Franklin put forward the idea of an electric motor and showed the action of an electrostatic wheel. The Franklin Wheel is a device that rotates under the influence of electrostatic forces. It functions on the basis of the repulsive force arising around a charged conductor. In a strong field near its tip, there is a polarization of molecules that are attracted to this region, which causes the effect of electric wind.
Also, the scientist was the first to use an electric spark to explode the powder mass and was able to explain the principle of operation of the Leyden jar. The latter is the first capacitor developed by Dutch inventor Peter van Mushenbruck. Franklin found that the dielectric separating the conductive plates plays a key role in it.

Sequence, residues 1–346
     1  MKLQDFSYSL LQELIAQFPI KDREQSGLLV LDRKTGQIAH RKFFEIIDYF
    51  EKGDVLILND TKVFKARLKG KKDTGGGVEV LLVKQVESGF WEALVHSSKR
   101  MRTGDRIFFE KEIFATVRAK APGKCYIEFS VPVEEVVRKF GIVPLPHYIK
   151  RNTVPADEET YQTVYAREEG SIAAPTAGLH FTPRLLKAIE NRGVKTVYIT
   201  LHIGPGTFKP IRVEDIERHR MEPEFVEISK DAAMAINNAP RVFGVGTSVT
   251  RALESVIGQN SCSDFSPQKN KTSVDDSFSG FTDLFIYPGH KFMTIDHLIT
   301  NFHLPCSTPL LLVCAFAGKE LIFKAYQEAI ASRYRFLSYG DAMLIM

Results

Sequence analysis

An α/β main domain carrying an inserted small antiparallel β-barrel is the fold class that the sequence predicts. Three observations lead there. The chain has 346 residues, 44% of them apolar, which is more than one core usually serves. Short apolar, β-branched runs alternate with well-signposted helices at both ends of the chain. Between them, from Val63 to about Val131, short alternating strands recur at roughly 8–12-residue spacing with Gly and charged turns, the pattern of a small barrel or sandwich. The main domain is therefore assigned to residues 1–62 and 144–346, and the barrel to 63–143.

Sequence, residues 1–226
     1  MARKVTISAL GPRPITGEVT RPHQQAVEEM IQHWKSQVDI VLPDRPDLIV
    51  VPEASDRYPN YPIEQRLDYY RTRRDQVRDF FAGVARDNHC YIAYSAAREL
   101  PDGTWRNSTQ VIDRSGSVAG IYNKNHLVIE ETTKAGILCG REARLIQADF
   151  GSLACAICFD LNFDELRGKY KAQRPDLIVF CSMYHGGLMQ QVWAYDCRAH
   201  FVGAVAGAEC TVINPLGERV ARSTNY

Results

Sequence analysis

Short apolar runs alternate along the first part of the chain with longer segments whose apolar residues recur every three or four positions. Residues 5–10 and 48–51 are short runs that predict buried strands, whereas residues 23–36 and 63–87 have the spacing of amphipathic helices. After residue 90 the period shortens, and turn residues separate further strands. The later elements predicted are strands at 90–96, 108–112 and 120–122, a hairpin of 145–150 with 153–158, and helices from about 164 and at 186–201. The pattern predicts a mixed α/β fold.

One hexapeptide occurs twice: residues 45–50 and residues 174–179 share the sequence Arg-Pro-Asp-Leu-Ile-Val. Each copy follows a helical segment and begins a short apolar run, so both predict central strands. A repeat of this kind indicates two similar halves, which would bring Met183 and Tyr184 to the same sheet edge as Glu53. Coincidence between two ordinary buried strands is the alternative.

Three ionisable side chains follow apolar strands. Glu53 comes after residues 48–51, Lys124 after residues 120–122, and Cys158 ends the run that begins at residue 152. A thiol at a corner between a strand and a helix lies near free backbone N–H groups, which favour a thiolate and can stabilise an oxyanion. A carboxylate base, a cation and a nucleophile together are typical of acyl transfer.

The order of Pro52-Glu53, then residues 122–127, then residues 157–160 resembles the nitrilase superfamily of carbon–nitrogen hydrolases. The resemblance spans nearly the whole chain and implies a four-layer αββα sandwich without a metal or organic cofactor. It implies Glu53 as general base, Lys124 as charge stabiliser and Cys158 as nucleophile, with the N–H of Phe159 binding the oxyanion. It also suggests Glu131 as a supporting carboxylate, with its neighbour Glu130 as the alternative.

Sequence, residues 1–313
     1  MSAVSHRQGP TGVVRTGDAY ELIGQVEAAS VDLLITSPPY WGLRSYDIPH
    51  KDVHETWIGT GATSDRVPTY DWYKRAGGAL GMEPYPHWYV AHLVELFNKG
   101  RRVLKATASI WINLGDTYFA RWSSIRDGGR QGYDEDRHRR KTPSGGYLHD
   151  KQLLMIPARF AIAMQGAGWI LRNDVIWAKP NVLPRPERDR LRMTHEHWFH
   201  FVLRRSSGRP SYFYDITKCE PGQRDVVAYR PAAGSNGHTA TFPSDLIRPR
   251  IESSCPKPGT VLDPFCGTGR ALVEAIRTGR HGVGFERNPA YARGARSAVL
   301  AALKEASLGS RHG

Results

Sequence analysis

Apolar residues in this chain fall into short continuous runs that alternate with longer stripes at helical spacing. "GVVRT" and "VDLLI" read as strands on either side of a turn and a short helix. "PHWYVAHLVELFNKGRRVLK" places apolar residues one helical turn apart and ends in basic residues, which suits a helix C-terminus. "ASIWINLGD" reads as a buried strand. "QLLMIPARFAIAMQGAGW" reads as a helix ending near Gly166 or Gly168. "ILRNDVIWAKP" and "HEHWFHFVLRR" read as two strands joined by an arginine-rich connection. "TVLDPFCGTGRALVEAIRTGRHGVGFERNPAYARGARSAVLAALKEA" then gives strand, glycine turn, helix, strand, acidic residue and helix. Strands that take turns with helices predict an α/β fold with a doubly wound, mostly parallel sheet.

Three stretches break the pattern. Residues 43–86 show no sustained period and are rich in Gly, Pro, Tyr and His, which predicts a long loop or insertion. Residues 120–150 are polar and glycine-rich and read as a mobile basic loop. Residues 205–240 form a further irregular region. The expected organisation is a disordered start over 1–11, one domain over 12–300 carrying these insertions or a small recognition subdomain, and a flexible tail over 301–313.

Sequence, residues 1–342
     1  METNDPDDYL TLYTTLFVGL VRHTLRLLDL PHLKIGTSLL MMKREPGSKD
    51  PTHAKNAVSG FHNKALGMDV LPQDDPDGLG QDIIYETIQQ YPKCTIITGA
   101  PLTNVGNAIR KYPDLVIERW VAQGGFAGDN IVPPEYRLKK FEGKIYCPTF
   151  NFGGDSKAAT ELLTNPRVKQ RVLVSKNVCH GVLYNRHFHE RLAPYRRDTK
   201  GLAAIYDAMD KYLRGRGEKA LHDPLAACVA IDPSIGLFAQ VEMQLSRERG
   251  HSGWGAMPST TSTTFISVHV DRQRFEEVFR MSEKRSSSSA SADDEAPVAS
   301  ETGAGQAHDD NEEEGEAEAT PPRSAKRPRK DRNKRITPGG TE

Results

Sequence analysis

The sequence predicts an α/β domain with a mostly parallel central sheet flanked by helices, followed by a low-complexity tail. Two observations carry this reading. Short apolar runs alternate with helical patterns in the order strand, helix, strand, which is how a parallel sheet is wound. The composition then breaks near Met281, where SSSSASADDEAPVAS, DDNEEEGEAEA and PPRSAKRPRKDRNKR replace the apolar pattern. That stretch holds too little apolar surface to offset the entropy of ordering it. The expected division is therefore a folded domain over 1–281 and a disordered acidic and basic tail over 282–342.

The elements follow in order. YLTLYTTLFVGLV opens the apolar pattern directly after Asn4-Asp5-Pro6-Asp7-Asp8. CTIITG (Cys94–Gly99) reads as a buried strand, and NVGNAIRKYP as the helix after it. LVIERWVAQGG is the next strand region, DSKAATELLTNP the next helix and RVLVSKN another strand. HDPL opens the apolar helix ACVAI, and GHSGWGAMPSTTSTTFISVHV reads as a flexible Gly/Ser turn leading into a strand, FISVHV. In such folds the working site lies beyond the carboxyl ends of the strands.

Inventions in the field of optics
Franklin's name is well known in the professional environment of ophthalmologists due to bifocal glasses, which are still widely used in optometry. Benjamina came up with the idea of creating new items breaking his own glasses, which allowed him to conduct a series of experiments. The inventor himself suffered from presbyopia and farsightedness. Such patients are shown bifocal glasses or it is necessary to use two pairs at once, which is not always convenient.
Structurally, bifocal glasses are made of two parts - the lower one provides focus at close range, and the upper one allows you to look into the distance. They are used both for reading and for the purpose of performing work at close range.
From ancient times, musical instruments were made of various materials, but almost never took glass into account. In 1757, Franklin arrived in the British capital on a diplomatic visit. A number of researchers claim that the idea of the invention came to Benjamin after a concert by E. Delavel and the Austrian composer Gluck, who performed with great success throughout Europe with “musical cups”, which was designed by someone R. Pakrich.